ENCROACH encroach the king's uuthorlty. Blount; Plant}. 940..
In the law of easements. Where the owner of an easement alters the dominant tenement, so as to impose an additional restriction or burden on the servlent tenement, he is said to commit an encroachment. Sweet.
ENCROACHMENT. An encroachment upon a sh eat or highway is a fixture, such as a wall or fence, which intrudes into or invades the highway or incloses a portion of it, dimlnislung its width or area, but without closing it to public travel. State v. Kt-'.li.l, 69 N. H. 122. 45 At]. 256, 48 L. R. A. 102- State v. Pomeroy, '73 Wis. 664. a N. W '- Barton v. Campbell. 54 Ohio St 42 N. E. 598: Grand Rapids v. Hughes, State v. Lea\er, 62 Wis. 387,
14%. 1:. l\iich. 22 N. W .,.o.
ENCUMB ER. See lnoorrnsu.
ENCITMERANCE. See Incmunusnom. END. Object; intent.
strued according to the end. 1). 1, c. 3, no 10.
Things are con- Finch, Law.
END LINES. In mining law, the end lines of a claim, as plotted or laid down on the ground, are those which murl: its bound- aries on the shorter dimension, where it crosses the vein, while the "side lines" are those which mark its longer dimension, where it follows the course of the vciu. But vuth reference to extra-lateral rights, if the claim as a whole crosses the vein. instead of following its course, the end lines “"1" hecnme side lines and vice versn. Consolidated Wyoxning Gold l\iin. Ca. v. C’h.nmpion Min. Co. (C. C.) 63 Fed. 549: Del Monte Min. & Mill. Co. v. Last Chance Min. Co., 171 U. S. 55, 18 Sup. Ct. 895. 43 L. Ed. 72.
ENDENZLE, or ENDENIZEN. free; to entranchise.
ENDOCARDITIS. In medical jurispru- dence. An inflammation of the muscular tissue of the heart.
ENDORSE. See Innoasrz.
ENDOWED SCHOOLS. In England, certznn schools having endowments are distlnciively lsnonn as “endowed schools;" and a series of acts of parliament regulating them are known as the “endowed schools acts." Moziev & Whitley.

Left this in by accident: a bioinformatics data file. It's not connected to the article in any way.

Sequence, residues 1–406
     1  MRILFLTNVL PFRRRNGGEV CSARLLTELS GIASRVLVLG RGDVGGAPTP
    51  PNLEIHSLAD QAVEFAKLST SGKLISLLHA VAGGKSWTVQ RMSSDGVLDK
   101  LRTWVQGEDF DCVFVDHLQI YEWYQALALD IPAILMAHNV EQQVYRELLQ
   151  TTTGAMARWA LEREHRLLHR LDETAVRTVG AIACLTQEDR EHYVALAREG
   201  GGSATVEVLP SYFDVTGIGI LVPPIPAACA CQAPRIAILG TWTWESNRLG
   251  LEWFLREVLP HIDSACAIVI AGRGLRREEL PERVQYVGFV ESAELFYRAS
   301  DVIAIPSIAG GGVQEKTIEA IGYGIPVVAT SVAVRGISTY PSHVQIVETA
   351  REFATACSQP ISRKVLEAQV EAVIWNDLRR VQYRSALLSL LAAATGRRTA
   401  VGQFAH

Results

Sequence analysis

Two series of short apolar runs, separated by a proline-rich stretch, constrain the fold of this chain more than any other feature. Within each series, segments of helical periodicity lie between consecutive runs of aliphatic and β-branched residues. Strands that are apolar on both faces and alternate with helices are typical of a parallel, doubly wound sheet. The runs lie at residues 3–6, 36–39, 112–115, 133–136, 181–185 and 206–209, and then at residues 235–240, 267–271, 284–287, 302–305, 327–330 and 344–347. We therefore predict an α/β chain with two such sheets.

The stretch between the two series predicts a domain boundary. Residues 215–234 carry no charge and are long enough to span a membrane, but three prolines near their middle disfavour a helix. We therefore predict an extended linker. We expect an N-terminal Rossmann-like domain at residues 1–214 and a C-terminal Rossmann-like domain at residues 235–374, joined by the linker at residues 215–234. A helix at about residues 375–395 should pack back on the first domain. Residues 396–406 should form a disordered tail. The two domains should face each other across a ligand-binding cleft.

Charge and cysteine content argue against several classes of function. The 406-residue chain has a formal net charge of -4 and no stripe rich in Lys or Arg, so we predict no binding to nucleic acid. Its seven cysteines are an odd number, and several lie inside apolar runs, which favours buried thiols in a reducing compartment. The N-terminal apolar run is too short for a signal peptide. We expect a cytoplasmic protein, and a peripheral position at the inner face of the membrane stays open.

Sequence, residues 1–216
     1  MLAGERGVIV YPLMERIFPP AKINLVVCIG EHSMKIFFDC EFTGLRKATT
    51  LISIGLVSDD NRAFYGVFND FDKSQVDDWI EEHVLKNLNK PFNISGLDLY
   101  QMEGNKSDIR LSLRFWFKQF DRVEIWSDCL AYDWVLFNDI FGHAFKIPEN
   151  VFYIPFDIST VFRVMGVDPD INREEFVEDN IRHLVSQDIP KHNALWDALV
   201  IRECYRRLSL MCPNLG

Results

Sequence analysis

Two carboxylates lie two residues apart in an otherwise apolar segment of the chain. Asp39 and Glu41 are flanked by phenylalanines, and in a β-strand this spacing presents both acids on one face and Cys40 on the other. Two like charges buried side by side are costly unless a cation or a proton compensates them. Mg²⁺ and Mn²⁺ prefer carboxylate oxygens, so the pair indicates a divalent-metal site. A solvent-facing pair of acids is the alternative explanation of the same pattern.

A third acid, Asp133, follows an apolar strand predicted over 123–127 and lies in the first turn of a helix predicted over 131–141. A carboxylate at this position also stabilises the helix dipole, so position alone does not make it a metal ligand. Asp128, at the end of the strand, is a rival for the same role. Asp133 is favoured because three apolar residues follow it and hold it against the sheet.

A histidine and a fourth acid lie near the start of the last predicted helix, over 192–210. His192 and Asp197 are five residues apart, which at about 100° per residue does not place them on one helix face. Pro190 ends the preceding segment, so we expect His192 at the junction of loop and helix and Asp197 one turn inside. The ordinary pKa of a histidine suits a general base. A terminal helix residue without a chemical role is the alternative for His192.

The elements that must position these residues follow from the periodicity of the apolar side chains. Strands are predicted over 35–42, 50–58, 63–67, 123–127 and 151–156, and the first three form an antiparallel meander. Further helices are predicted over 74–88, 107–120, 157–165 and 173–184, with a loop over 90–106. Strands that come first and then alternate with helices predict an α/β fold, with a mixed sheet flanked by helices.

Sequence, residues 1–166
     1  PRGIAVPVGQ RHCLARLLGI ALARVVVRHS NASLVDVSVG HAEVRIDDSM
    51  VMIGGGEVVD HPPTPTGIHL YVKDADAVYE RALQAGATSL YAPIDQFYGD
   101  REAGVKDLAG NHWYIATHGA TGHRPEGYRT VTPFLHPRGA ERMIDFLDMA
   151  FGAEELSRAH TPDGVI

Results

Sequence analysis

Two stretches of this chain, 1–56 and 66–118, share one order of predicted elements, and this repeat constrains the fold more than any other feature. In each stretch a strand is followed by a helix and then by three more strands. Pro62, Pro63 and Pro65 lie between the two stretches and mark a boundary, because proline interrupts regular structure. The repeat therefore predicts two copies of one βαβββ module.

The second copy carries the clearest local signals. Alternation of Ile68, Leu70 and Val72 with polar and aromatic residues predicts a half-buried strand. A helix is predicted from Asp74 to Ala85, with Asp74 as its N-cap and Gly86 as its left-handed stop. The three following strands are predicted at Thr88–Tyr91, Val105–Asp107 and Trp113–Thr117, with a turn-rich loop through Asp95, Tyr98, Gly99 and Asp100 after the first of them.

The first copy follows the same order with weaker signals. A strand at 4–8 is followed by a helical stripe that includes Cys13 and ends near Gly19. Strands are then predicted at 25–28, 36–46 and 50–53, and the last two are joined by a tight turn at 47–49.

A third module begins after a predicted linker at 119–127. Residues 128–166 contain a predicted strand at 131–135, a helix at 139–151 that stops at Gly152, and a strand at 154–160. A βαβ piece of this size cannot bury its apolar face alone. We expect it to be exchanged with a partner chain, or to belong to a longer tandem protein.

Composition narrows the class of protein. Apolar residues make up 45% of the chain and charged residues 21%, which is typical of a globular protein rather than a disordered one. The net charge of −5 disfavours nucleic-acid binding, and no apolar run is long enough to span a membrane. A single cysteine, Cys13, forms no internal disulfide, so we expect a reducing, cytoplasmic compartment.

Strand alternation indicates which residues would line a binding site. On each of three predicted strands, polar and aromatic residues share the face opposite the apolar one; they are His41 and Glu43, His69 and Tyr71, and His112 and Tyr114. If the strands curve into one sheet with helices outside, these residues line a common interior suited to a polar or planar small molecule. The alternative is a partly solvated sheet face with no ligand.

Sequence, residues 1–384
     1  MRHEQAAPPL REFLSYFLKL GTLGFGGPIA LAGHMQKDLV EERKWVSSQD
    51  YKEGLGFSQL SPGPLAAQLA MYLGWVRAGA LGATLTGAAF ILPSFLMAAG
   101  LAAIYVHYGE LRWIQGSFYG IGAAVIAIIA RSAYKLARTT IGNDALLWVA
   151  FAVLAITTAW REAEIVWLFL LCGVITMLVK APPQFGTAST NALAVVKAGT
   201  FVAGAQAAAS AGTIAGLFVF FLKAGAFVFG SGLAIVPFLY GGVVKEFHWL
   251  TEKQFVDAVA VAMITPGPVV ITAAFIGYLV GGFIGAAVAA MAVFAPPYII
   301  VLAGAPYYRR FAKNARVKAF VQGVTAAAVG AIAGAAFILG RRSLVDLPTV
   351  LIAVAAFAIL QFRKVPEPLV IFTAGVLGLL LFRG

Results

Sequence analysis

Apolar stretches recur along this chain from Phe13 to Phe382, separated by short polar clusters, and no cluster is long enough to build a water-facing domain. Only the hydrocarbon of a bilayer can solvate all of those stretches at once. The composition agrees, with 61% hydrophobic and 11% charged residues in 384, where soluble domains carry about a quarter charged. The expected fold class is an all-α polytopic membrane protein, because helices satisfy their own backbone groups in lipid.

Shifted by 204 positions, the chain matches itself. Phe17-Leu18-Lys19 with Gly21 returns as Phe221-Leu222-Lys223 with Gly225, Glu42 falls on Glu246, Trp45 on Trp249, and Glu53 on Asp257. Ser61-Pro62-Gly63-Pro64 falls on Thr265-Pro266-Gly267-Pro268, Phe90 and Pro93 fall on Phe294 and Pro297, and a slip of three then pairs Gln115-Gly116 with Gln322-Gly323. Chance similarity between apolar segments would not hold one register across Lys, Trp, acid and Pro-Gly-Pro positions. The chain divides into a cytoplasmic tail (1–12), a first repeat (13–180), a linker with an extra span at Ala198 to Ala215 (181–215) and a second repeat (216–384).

ENDOWMENT. 1. The assignment of (lower; the setting off a woman's dower. 2 Bl. Comm. 135.
2. In appropriations of churches, (in English law,) the setting ed a sufficient maintenance for the vicar in perpetuity. 1 Bl. Comm. 387.
3. The act of settling a fund, or perma- nent pecuniary provision, for the mainte- nance of a public institution, charity, college. etc.
4. A fund settled upon a pnhllc institution. etc., for its maintenance or use.
The words “endowment” and “funrl," in a statute exempting from taxation the real estate. the furniture and personal property, and th "endowment or fund" of religious and alum- tional corporations, are eiurdem gcncris, and Intended to comprehend a class of proyqty diflcrent from the other two, not real esifi or chattels. The difference hctuocn Line IN is that “fund" is a geuenl tcna. incluilnl the endowment, while "entlowmcnt" m that particular fund, or part of the fund, of the institution, bestowed for its more perma- nont uses, and usually kept sh!-rod for the purposes intemlcd The word "ourlowmnni" dry not, in such an enactment, include real estate. See First Iioformed Dutch (‘hurt-1. \. Lyon. I! N J Lo 0; Am)§‘nl of Wagner lnsiitull.
11 Atl. -102: 17‘loyd v. iinnluu,
Uni. ]'..| -4 Par: 936: Liggett v. I.ndrl. 17 Or. 80, 21 Pac. 1.53.
—Endowment policy. In life insurance. A policy which is pauablo when the ' en es :1 given up», or upon his door:-1 f that or- curs earlier. (‘arr v. flanuilrou, 12!) U. S. ‘.355. 9 Sup. Ct. "" L. Ed. 669: State v. Orrnr. 144 Mo 1'57, T. W. 1031
ENEMY, in public law. signifies eiihor the nation which is at war with another. or a citizen or suhject of such nation.
—A1ien enemy. An uiicn, that is, a ciflmu or subject of a foreign state or power. res-dine within a given country, is called an "alien uni" if the country where hc_» liycs is at peace with
jcct; but if a state of war exi two countrics. he is called an _ and in. that character is denied access to the courts or aid from any of the departments of gn\ornment—Enemy’s property. In international law, and particularly in the usage of prize courts. this term designates any properly nhich is engaged or used in illegal iniermmge with the puhlnc enemy. nhether beiougiu: to an ally or 11 citizen, as the illegal traffic stamps it with the hostile character and attaches to it all the penal l'.‘0l:|SE'(]llPi')CCS. The Benito Es- ‘ 176 U. S. 20 Sup. Ct. 489. 44 L. -: The Sally, S Crunch, 382, 3 L. Ed. Prize Cast-s, 2 Black. GT4. 1’? L. E1]. 4:19. — ublio enemy. A nation at war vnth the United States; niso everv citizen or suhj:~t of such nut: n. ' ' m ‘ p‘i‘l\'i'llE dcpredotors, v. Moore, 74 R10. 417. it Am. Rep is v. Ludwir-lx. 6 Cold. ('l‘enn.l 3 8 Am. R s ell v. Fngzau, 7 Ho st. (Dot) 389, . lllissnnri Pac. Ry. Co. v. Nevill, 00 Ark. 31:1. 30 S. W. 425. 23 L. R. A. 80, 46 Am. St. Rep. W
o n 5 F.
ENPEOPF. To invest with an estate by teoiiment. To make a gift of any Cu1'1I0|‘«:|l heredltaments to another. See Fnorrnmwr.
ENFEOPFMENT. The act of investing with any dignity or possession; also the instrument or deed by which a person is in- vested with possessions.
ENPITEUSIS. In Spanish law. Emphy- teusls. (q. 1;.) See Mulford v. Le Franc, 26